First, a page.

Wednesday, November 22, 2017

Amelia's Aviary 1: Partridge & Palm

Four early 19th-century  quilts are attributed to Amelia Heiskell Lauck, each with cut-out chintz birds. 

Quilt attributed to Amelia Heiskell Lauck (1760-1842) Winchester, Virginia

Colonial Williamsburg Collection 2006.609.1

From the catalog:
"The quilt is marked in backstitches with the inscription 'A present by Amelia Lauck to her S.[son] & D.[daughter] Morg. & M. Lauck / made in 62nd year.' The quilt was created as a wedding gift for Amelia’s eighth child, Morgan Adolphus Lauck (1796–1826), and his bride, Ann Maria Ott, who married on May 26, 1824.
Born in Winchester, Virginia in 1760, Amelia Heiskell Lauck lived her entire life there marrying Peter Lauck in 1779. Peter and Amelia had eleven children, six of whom survived into adulthood."

Amelia Lauck from the Corchran Gallery

It is thought that she may have made a quilt for each of those six children. I tend to get distracted by the quilting in her quilts but I decided to look closely at the birds in each quilt.

In this one: a pair of short tailed game birds looking to the right.
I've heard them called grouse and woodcocks. 

The Victoria and Albert Museum
has a piece of game bird yardage with a tea ground cataloged as 
"two partridges under a may tree."

That sounds like a good name for a popular print with many variations.
"Two Partridges Under a May Tree"
A gray partridge

A May tree. We'd call it a flowering hawthorne
but in England it's called a May tree because it
blooms in May.

Here's another Partridge in a May Tree from the Winterthur Museum's collection, a seat cover in blue. This common print does not have the palm tree seen in Amelia's quilt. At first I thought she added a palm tree to the birds but I don't see any seams. 

As far as palm tree and bird prints go....

The very common palm sheltering a pheasant is not what she used.

Amelia's is a rather gawky tree.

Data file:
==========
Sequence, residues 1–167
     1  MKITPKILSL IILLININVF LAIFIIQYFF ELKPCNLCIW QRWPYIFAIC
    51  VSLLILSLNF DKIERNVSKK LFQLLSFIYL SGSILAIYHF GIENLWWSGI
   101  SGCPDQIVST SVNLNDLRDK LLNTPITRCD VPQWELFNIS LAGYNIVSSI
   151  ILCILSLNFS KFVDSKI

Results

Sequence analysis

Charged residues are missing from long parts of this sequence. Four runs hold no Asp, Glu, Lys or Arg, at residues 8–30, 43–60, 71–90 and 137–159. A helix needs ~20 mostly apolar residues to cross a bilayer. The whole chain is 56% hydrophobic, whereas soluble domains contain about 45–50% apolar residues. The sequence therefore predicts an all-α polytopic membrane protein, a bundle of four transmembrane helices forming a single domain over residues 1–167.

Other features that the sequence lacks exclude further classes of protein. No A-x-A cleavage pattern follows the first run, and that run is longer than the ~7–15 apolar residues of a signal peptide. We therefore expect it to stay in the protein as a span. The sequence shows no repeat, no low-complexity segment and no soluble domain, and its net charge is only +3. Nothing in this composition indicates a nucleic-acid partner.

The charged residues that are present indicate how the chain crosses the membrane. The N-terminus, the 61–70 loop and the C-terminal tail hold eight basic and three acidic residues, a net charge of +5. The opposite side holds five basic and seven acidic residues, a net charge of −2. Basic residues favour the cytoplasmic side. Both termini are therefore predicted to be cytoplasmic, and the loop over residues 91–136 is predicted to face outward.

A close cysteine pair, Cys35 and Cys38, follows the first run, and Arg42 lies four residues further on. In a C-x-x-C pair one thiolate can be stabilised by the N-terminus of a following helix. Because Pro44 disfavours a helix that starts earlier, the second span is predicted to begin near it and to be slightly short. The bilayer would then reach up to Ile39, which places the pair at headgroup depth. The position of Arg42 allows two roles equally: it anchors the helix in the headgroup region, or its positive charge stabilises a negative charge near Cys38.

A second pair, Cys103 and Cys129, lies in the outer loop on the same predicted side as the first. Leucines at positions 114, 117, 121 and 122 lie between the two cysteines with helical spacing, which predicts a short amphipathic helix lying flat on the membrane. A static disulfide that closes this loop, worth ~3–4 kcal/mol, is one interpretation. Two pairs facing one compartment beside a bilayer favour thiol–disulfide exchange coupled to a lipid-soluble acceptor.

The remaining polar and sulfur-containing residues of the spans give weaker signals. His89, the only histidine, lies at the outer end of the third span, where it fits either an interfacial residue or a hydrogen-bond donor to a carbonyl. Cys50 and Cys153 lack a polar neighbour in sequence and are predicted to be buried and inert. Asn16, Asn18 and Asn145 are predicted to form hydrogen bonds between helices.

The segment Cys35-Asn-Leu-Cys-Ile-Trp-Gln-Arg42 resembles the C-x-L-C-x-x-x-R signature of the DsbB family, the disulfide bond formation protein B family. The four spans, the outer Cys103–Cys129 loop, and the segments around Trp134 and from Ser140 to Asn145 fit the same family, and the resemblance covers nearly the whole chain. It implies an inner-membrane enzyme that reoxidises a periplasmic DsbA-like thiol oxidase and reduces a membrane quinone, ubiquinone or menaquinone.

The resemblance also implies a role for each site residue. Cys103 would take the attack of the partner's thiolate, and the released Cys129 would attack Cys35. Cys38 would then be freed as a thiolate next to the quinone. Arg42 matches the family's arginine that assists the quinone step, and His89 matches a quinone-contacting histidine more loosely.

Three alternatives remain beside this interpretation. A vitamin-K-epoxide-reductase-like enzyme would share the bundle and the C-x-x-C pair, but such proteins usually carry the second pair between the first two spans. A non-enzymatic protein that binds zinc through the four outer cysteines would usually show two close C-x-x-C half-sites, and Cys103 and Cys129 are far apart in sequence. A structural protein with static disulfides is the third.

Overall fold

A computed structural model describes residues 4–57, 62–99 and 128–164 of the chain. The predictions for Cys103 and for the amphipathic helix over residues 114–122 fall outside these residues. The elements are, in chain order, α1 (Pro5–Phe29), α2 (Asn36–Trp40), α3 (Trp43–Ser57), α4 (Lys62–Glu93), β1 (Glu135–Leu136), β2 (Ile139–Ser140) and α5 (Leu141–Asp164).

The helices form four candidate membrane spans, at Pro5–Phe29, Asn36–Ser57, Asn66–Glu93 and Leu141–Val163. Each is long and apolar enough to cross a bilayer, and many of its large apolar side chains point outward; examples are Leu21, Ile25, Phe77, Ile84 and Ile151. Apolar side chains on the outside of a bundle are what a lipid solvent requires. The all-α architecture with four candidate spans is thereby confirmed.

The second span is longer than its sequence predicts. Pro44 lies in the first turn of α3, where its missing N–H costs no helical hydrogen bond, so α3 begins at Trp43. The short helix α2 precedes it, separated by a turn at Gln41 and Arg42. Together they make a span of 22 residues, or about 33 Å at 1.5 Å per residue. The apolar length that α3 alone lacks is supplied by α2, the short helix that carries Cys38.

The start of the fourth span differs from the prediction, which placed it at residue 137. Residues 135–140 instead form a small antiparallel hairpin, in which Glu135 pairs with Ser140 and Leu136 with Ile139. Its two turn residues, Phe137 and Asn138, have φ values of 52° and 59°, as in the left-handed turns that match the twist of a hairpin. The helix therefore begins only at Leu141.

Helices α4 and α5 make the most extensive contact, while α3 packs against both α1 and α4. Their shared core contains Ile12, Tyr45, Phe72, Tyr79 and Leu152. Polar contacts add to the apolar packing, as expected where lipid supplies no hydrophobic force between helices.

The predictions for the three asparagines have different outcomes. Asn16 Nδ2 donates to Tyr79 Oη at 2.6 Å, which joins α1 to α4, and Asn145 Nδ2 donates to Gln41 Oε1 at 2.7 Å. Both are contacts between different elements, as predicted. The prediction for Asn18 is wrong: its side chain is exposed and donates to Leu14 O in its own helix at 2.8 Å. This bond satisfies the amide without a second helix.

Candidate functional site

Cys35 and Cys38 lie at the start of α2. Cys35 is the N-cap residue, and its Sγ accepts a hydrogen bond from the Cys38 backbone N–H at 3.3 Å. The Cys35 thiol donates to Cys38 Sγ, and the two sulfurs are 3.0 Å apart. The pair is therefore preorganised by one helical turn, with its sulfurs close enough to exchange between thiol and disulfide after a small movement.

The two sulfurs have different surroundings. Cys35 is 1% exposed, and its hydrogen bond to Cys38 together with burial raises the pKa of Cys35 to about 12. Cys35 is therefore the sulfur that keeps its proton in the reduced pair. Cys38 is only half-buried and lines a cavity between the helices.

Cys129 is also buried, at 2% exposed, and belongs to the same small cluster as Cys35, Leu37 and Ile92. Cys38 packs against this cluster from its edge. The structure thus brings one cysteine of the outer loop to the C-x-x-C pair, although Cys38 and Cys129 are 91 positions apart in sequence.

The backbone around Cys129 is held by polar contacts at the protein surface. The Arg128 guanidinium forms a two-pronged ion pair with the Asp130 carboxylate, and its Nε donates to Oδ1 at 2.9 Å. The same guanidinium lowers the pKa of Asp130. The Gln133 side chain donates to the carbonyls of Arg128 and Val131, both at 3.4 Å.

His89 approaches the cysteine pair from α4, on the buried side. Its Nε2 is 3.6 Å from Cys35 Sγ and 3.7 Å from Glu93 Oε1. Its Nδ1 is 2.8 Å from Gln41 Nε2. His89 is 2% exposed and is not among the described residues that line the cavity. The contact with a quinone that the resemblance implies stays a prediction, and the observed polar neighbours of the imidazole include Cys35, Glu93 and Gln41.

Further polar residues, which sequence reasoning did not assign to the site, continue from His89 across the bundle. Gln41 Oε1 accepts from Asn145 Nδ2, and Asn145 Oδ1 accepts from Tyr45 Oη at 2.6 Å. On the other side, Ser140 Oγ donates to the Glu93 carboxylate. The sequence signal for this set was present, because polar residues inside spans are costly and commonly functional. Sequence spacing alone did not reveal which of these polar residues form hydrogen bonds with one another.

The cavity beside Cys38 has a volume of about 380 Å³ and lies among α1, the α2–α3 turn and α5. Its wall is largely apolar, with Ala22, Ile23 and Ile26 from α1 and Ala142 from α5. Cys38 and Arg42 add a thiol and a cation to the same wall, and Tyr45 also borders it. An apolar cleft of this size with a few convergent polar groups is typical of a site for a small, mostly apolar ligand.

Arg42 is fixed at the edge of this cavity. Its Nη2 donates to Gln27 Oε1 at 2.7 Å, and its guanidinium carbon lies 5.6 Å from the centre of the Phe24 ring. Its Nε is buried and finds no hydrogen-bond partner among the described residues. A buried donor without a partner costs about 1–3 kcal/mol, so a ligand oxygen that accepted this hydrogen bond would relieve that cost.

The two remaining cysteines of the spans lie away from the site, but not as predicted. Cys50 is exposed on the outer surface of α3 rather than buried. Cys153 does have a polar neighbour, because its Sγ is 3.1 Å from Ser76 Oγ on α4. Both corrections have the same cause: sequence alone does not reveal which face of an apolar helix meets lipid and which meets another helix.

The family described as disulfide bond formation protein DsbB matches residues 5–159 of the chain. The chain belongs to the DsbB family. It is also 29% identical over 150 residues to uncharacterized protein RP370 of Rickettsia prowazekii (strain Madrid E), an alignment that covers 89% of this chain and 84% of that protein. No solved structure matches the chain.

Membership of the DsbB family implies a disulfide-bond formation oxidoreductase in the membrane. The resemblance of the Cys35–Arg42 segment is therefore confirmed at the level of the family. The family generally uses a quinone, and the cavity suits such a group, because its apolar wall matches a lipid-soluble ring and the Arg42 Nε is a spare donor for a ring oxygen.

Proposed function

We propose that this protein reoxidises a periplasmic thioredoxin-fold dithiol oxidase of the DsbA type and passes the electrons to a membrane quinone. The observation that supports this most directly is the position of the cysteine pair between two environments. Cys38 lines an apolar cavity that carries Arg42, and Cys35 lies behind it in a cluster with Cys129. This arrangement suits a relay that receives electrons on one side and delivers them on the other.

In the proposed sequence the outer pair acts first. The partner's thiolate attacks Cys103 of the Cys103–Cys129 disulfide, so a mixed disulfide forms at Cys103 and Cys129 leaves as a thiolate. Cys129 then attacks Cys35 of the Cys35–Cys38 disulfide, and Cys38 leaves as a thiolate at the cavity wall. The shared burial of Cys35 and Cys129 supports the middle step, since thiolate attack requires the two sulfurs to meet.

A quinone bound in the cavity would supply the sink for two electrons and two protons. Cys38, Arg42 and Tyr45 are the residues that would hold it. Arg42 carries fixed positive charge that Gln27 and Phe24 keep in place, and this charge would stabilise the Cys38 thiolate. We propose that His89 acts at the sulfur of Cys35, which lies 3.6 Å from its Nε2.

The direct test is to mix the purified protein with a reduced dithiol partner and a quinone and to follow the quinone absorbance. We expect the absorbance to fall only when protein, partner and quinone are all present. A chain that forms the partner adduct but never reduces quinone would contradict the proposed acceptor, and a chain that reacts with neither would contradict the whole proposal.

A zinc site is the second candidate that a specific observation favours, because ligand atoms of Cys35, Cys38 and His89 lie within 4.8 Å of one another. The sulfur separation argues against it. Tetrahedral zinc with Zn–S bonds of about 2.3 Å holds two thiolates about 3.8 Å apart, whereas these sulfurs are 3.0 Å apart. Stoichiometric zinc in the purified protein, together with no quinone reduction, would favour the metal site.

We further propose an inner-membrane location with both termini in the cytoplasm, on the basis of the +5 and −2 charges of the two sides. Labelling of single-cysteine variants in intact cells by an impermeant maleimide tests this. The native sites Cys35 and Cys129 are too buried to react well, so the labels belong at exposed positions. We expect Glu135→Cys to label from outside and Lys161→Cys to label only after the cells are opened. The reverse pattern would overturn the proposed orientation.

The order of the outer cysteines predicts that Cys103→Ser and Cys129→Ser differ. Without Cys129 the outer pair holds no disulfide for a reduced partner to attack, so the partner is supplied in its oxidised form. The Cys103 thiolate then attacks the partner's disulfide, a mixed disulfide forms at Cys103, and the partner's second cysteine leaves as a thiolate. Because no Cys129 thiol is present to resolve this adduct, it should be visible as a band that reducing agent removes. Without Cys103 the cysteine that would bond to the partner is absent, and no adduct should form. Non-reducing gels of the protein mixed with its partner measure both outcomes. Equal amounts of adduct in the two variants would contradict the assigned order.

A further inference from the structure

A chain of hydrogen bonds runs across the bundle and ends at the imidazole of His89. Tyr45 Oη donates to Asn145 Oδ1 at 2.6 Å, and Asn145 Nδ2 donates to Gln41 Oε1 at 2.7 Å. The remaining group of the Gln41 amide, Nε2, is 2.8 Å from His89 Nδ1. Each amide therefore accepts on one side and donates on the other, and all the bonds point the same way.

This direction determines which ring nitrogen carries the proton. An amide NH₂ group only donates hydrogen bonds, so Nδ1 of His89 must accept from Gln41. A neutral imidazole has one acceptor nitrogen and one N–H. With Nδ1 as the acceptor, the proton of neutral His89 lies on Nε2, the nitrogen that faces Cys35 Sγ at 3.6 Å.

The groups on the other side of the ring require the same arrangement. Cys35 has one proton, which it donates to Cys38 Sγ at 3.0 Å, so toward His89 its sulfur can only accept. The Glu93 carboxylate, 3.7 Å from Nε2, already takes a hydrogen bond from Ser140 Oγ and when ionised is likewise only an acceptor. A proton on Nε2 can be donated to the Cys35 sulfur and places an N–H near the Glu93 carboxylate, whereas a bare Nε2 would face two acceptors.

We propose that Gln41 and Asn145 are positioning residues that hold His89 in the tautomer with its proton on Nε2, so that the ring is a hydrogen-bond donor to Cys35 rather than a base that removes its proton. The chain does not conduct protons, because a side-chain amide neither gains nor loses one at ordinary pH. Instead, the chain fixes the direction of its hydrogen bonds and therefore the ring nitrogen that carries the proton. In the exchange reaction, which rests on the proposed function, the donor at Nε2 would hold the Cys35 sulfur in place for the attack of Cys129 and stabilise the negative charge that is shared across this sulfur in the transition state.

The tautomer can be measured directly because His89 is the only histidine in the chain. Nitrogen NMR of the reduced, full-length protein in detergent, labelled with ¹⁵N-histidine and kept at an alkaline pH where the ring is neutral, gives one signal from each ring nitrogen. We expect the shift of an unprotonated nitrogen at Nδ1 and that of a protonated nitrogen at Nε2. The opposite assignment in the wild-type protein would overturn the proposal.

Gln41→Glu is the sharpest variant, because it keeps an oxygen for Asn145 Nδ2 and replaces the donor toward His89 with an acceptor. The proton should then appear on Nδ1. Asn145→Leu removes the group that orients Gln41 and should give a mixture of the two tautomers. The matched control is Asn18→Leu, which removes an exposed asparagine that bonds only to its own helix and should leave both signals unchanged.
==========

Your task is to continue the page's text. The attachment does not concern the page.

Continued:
The fronds are growing up in the wrong direction
and the shading is gaudy.

I actually had a small file of gawky palms.

And in it---the chintz Amelia used. Same birds with gawky tree.
That's all I have seen of it.

Leah Minnich used two squares of palm tree and partridge in
the lower corners of her nine-patch strip quilt signed and dated 1837.
There must be more of it around.

The  partridge in a May tree prints tend to be dated 1815 to 1835 by the museums that own pieces, a span typical of these roller printed English chintzes so popular with American quilters.

Winterthur Museum # 1969.1577

New Jersey quilt dated 1843 from the Fish Family in the collection
of the International Quilt Study Center & Museum #2005.053.0003

Green colorway in the border of a New Hampshire quilt
on the cover of this year's AQSG Seminar booklet.

A strip alternating with a pillar print.

More of Amelia's Aviary in later posts.

Sunday, November 19, 2017

Pumpkin Spice Quilts

Lots of seasonal flavors here: 

From the Flack Collection

Many of them from southeastern Pennsylvania

Pook & Pook Auction

Berks County, Mennonite

The plain colored fabric is dyed with chrome orange, a mineral dye.

Today people call it cheddar.

I'm guessing this one is Pennsylvania because of the fancy feather 
quilting in the border.

Chrome orange was also an end-of-the-19th-century flavor in
the Southern U.S.

From Richard Rivoire's collection, Raleigh N.C. 

How do you tell if a pumpkin-spice color scheme indicates Berks County, PA or North Carolina?
Quilting, pattern, borders, set, maybe fabric quality (threads per square inch). It's not always easy,
especially if you find the quilt in Arizona.


Brunk Auction